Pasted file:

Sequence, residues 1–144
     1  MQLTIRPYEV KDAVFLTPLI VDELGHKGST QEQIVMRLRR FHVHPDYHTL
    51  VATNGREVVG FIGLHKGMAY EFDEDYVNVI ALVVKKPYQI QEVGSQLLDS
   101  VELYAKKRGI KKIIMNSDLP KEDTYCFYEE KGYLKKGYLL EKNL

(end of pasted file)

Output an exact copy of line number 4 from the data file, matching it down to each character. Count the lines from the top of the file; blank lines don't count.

   101  VELYAKKRGI KKIIMNSDLP KEDTYCFYEE KGYLKKGYLL EKNL